Thursday, 9 October 2014

The Domino Theory

When I was working, I wrote a team building exercise called The Domino Theory. I figured, with so many departments working together in one facility, each staff member needed to be aware of the effect their work behaviour could have on their co-workers.

I had the title written across the head of a paper with a short and sweet explanation below. It went something like this:

The Domino Theory
How you do your job can have an effect on how others do theirs.
Are you a positive or negative influence?

I had one of those instamatic cameras (we are talking a number of years ago, remember) and would take a picture when I saw something that was causing a problem. I worked in a long term care facility with many departments, and staff working all hours.

Here’s one of the examples I remember.
Large food carts were sent up from the kitchen to the resident units, with extra small carts as needed. Everyone is on a schedule, nursing to deliver the meals, assist with feeding and return the trays to the cart. The dietary staff go back to the units to fetch the supposedly full carts back to the kitchen to clear the trays, and wash dishes, trays and carts for the next meal.

You could see the system start to fall apart when the dietary staff took the cart away before it was full, leaving the nursing staff to pile the food trays on the small carts, often in a precarious jumble.

Nursing staff would have to return the small carts to the kitchen and they often just shoved them in the dish washing area, making the job of the dietary staff more difficult if trays fell off or the carts blocked the aisle.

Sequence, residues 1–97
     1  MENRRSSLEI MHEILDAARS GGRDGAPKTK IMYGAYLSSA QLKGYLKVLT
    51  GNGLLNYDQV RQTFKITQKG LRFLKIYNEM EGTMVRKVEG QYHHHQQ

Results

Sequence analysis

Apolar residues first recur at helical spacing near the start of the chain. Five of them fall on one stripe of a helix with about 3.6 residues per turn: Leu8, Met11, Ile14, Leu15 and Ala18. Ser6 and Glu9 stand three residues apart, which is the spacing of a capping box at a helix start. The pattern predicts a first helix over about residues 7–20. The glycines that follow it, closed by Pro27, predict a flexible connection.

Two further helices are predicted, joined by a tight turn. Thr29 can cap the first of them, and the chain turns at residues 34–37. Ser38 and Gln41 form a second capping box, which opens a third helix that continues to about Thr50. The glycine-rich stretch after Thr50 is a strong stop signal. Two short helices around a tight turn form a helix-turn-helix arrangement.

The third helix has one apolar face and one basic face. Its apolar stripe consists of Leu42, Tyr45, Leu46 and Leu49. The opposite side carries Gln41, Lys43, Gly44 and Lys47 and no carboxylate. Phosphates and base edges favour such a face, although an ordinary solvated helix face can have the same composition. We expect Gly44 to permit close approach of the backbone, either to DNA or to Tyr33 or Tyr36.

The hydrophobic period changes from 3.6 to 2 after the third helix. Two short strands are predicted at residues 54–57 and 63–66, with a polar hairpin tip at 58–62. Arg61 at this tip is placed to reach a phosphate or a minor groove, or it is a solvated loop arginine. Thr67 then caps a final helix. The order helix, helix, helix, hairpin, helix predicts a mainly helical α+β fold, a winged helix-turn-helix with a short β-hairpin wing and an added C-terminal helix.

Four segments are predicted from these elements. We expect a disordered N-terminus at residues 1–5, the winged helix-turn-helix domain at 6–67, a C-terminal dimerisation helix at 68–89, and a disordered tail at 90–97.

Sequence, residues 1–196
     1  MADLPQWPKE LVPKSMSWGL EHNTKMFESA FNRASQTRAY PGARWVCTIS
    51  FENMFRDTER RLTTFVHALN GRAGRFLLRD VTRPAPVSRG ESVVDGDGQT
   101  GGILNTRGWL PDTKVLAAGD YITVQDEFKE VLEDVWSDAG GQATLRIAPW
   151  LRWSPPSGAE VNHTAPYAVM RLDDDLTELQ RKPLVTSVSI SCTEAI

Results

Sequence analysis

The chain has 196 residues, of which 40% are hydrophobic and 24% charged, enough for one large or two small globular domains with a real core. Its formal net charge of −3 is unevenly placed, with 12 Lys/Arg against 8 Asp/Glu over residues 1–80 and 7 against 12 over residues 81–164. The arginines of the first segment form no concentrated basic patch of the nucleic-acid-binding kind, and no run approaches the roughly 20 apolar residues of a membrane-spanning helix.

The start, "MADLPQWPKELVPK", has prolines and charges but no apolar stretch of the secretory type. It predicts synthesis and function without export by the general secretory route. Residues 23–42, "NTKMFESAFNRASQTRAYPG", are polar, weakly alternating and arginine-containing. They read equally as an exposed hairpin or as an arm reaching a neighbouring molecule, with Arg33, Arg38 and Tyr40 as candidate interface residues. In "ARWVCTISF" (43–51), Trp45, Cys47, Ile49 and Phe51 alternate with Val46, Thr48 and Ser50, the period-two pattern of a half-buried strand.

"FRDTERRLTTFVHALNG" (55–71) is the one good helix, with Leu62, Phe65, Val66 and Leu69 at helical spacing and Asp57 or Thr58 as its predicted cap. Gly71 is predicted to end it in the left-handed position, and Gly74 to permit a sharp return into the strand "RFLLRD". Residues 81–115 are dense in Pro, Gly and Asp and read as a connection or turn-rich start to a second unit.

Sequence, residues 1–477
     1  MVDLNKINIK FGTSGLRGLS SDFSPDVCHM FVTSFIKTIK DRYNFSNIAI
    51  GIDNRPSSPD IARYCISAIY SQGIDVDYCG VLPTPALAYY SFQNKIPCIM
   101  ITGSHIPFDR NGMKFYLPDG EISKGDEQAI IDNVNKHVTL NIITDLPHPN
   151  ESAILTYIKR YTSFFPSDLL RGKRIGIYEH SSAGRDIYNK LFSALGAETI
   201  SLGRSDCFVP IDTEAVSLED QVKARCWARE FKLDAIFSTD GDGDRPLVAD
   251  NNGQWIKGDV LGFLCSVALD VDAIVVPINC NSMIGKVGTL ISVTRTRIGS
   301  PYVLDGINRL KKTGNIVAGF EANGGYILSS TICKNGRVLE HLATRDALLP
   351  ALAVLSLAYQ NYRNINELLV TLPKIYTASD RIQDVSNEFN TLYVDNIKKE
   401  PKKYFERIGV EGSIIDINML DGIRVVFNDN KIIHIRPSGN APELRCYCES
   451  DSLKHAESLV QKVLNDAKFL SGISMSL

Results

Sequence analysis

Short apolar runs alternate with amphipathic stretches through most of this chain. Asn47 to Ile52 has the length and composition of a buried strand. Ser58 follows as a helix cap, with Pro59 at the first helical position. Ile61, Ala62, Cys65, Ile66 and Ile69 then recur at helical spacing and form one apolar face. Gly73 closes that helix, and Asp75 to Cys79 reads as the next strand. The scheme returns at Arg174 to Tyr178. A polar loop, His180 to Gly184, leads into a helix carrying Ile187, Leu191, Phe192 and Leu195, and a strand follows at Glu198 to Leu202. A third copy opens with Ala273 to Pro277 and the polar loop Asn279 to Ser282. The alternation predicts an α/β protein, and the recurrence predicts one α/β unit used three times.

It was my thinking that all of the staff were busy, and they might not be aware that something they were doing was making work life difficult for someone else. How did that one nurse on the third floor know the dinner trays she’d stacked unevenly on the top of the cart would fall off and make a mess in the kitchen? Common sense you might say, but things get rushed and we all need a reminder of why we are to do things a certain way. But now we have an irritated dietary staff, late getting their job done because they had a spill to clean up.

I hoped that by posting a picture of the not quite full large carts, and the overloaded small carts, with no blame, no other comment but the Domino Theory, the workers from the different departments might have a better understanding of the concept of interdisciplinary team.

I hoped that after seeing the pictures and understanding the cause and effect of their actions, the dietary staff might wait for the cart to be loaded, or better yet, pick up and load a tray to help. And the nursing staff would make a better attempt to get the large carts loaded and be more careful how they loaded the small carts and where they placed them.

Every person needs to do their job to the best of their ability for the facility, company, whatever the workplace might be to run efficiently. It’s no different in an office environment. Workers need to submit reports and stats, so their manager can then make her reports to her supervisor. It’s all a team effort.

I guess, in a way, it comes down to that Golden Rule, treat others as you would like to be treated. And it doesn’t have to be a work place thing. Take my living situation. We all use a common laundry room. The expectation is that you leave the washers clean, and you empty the lint filter on the dryers. I’ve never had a problem, we’re a pretty considerate group here.

No comments: